Pelvimetry is the assessment of the female pelvis in relation to the birth of a baby. Traditional obstetrical services relied heavily on pelvimetry in the conduct of delivery in order to decide if natural or operative vaginal delivery was possible or if and when to use a cesarean section.
Pelvimetry used to be performed routinely to discern if spontaneous labour was medically advisable. Women whose pelvises were deemed too small received caesarean sections instead of birthing naturally. Research indicates that pelvimetry is not a useful diagnostic tool for CPD (see below) and that in all cases spontaneous labour and birthing should be facilitated.
A woman's pelvis loosens up before birth (with the help of hormones), and an upright and/or squatting woman can birth a considerably larger baby. A woman in the lithotomy (lying on her back, legs elevated) is more than likely not going to push a larger than average baby out, due to the size of outlet that this position creates.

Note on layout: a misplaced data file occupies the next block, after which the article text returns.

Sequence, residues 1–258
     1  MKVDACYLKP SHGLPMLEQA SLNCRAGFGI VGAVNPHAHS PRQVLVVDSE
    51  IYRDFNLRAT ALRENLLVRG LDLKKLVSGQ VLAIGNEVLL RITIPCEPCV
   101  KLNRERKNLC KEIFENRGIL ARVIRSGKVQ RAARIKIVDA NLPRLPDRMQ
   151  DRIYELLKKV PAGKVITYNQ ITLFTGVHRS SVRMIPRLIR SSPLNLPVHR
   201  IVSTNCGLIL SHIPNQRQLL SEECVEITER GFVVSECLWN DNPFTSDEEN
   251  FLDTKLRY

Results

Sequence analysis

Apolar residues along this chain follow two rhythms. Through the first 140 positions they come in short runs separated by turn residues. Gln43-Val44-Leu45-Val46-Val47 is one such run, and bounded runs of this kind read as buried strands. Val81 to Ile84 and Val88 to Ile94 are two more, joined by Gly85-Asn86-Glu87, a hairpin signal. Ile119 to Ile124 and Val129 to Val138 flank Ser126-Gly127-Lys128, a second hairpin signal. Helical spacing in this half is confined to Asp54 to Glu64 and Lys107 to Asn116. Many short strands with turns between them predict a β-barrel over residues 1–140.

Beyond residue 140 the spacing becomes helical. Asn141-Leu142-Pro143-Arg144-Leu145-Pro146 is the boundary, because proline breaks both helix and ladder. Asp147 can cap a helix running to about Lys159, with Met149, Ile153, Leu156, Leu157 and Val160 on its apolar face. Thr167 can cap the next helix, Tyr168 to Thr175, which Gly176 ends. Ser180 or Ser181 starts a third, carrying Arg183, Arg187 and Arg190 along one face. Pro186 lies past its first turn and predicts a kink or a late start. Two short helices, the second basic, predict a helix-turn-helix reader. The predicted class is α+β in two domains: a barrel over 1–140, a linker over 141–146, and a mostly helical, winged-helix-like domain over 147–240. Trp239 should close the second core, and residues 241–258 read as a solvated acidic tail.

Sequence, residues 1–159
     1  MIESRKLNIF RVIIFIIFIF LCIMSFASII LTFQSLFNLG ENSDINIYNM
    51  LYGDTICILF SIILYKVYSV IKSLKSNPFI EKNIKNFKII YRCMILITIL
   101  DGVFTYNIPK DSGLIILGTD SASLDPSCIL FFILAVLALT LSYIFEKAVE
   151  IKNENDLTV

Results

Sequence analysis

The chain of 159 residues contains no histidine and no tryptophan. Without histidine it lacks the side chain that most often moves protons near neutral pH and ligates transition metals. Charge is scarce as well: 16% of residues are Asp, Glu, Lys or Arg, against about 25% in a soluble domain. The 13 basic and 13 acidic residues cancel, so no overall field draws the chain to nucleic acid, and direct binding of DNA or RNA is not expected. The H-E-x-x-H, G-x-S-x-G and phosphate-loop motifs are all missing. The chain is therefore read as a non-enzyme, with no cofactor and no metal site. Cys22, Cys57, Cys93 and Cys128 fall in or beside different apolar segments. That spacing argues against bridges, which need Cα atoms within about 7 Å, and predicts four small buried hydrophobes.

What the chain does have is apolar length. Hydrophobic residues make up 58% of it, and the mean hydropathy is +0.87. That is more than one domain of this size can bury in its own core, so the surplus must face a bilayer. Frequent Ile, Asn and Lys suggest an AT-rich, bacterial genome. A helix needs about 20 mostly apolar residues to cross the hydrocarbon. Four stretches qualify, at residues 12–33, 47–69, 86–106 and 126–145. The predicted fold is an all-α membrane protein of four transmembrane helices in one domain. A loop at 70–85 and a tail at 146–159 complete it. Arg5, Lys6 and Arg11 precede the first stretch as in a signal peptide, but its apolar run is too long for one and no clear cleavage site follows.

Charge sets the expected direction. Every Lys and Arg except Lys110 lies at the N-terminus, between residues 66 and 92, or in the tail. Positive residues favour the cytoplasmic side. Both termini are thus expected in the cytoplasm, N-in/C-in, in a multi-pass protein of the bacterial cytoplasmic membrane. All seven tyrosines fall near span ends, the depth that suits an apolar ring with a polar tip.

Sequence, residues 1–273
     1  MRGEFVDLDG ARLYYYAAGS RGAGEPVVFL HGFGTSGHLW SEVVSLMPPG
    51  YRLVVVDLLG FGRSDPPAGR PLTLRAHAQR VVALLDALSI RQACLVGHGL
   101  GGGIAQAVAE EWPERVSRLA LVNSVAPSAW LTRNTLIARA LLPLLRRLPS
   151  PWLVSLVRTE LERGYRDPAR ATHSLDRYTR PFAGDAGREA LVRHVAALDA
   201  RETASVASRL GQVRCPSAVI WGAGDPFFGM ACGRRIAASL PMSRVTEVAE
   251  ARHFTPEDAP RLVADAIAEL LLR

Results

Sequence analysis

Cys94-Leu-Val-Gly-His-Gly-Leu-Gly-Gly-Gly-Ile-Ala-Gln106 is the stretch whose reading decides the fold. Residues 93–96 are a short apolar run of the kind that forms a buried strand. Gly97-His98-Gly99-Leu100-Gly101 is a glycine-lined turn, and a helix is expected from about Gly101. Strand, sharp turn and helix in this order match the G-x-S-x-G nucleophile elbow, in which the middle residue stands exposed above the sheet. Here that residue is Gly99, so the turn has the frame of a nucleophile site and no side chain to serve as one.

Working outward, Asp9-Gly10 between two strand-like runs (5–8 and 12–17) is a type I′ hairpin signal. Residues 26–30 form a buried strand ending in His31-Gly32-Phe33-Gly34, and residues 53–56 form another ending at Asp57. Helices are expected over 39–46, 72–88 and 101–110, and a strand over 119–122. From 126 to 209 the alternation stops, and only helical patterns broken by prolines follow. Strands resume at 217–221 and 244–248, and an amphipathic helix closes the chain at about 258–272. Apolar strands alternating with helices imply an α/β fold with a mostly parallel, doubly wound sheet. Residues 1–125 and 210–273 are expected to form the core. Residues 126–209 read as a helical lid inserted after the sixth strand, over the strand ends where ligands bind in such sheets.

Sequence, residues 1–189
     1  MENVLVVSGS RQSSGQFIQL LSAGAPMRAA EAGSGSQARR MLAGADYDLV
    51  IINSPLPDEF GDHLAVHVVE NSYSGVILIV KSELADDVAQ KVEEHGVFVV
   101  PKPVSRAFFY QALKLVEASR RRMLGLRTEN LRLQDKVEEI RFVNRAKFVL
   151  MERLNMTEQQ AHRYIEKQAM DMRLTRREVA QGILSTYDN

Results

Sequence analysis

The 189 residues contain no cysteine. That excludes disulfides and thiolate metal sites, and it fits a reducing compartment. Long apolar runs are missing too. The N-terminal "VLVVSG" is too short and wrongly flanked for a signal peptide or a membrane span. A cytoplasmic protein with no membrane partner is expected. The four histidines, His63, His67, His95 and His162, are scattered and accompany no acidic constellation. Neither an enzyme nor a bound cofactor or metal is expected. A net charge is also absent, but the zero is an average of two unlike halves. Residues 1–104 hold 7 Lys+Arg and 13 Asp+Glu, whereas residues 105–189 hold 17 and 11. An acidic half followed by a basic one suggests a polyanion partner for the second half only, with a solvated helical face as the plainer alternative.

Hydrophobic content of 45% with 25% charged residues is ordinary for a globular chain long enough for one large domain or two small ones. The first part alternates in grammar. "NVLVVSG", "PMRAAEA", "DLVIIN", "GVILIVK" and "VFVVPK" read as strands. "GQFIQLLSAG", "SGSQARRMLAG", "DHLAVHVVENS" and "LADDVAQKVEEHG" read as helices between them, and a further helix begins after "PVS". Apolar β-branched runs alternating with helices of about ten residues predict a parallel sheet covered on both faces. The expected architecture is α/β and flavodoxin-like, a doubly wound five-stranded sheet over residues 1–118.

Cephalo-pelvic disproportion exists when the capacity of the pelvis is inadequate to allow the fetus to negotiate the birth canal.
The terms used in pelvimetry are commonly used in obstetrics. Clinical pelvimetry attempts to assess the pelvis by clinical examination. Pelvimetry can also be done by radiography and MRI.
Diameters of inferior aperture of lesser pelvis (female).
Pelvic inlet: The line between the narrowest bony points formed by the sacral promontory and the inner pubic arch is termed obstetrical conjugate: It should be 11.5 cm or more. This anteroposterior line at the inlet is 2 cm less than the diagonal conjugate (distance from undersurface of pubic arch to sacral promontory). The transverse diameter of the pelvic inlet measures 13.5 cm.
Midpelvis: The line between the narrowest bone points connects the ischial spines; it typically exceeds 12 cm.